Taipei Veterans General Hospital (TVGH) yesterday unveiled the nation’s first heavy ion therapy center, saying 2 percent of its treatment capacity would be reserved for socially disadvantaged people.
The center cost NT$4.5 billion (US$146.04 million), the hospital said.
The hospital launched its heavy particle cancer treatment center project in 2009, and began constructing the center in 2019, hospital superintendent Chen Wei-ming (陳威明) said.
Photo: Tien Yu-hua, Taipei Times
With the help of a Japanese technical team, the hospital completed the center in a record 15 months, Chen said, adding that the installation and verification of equipment was completed five months afterward.
It is the 14th operating heavy ion therapy center in the world and began treating patients at noon yesterday.
There are many treatment methods for cancer such as surgery, chemotherapy, medication therapy, immunotherapy and radiation therapy, Chen said.
Heavy ion therapy is an advanced form of radiation therapy, he said.
It uses carbon ions which are 12 times heavier than protons and can deliver more radiation to tumors with high precision, causing more damage to cancerous cells, he said.
The therapy has a shorter treatment course, is painless and allows patients to return to their normal lives faster than other treatments, Chen said.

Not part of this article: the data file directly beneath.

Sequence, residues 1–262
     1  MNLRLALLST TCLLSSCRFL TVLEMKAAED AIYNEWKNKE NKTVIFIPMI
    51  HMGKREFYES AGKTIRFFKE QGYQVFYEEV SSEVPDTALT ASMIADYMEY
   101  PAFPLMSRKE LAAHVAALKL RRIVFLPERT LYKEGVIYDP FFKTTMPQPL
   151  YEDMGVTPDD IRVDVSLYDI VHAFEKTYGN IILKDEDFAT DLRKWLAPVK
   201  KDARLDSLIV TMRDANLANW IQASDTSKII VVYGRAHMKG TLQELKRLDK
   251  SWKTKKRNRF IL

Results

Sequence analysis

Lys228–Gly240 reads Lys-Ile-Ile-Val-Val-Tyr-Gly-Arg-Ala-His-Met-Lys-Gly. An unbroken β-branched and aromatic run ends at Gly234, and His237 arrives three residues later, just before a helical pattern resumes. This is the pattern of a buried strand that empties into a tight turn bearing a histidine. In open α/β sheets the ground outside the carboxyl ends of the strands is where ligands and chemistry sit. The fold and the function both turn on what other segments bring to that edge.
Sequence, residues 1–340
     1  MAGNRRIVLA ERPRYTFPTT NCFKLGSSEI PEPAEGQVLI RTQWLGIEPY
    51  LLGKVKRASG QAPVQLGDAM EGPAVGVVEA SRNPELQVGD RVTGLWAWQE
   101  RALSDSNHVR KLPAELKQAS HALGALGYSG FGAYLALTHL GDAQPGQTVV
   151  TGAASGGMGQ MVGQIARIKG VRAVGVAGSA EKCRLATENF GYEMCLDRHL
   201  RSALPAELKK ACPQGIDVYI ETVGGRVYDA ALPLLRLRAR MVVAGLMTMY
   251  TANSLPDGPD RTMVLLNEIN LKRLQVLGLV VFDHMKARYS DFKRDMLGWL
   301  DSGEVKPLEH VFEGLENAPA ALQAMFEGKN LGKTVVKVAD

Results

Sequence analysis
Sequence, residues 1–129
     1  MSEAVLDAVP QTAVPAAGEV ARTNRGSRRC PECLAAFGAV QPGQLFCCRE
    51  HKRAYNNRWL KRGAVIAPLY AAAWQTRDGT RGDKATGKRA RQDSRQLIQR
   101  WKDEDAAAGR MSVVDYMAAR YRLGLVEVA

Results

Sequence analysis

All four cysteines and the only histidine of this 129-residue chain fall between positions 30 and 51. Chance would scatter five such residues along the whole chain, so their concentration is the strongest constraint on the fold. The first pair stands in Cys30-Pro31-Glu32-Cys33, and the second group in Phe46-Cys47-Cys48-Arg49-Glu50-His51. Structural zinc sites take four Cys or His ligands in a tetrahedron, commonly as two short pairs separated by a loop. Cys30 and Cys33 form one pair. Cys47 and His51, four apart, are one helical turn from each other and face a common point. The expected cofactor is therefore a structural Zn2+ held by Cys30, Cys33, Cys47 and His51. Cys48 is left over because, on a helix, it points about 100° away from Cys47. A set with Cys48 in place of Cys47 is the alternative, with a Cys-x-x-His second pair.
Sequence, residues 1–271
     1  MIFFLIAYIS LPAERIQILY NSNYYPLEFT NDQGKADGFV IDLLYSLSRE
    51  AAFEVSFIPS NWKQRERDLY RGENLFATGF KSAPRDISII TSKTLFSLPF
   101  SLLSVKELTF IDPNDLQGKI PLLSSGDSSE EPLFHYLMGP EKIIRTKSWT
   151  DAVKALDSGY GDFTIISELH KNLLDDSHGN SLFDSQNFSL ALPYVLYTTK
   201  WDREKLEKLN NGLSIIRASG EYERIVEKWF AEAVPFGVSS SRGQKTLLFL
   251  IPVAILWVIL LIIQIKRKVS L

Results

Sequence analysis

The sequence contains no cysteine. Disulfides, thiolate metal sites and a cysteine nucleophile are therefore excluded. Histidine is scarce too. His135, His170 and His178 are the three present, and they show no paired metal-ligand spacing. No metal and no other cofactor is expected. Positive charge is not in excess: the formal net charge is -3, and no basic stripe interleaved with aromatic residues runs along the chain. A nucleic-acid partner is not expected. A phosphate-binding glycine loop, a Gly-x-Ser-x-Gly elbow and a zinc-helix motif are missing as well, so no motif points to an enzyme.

Many countries covered by the government’s New Southbound Policy have expressed an interest in the center, he said.
The Mayo Clinic in the US has sent experts to the hospital three times and signed a memorandum of understanding (MOU) last month, Chen said.
The hospital has also signed an MOU with the Taiwan Space Agency, because the center can assist in the radiation protection verification of space components, he said.
President Tsai Ing-wen (蔡英文) said the opening of the center also marks an important milestone in medical cooperation between Taiwan and Japan.
Previously, people in Taiwan who needed heavy ion therapy had to travel to Japan, but now they can receive treatment in Taiwan, while people in other countries can also visit the nation for treatment, she said.
The center is “the last piece of the puzzle” in Taiwan’s precision cancer radiation therapy, and hopefully medical centers nationwide would form a “cancer radiation therapy national team” to provide care to cancer patients and enhance Taiwan’s medical competitiveness globally, Tsai said.
She also thanked the companies that made donations to help build the center.
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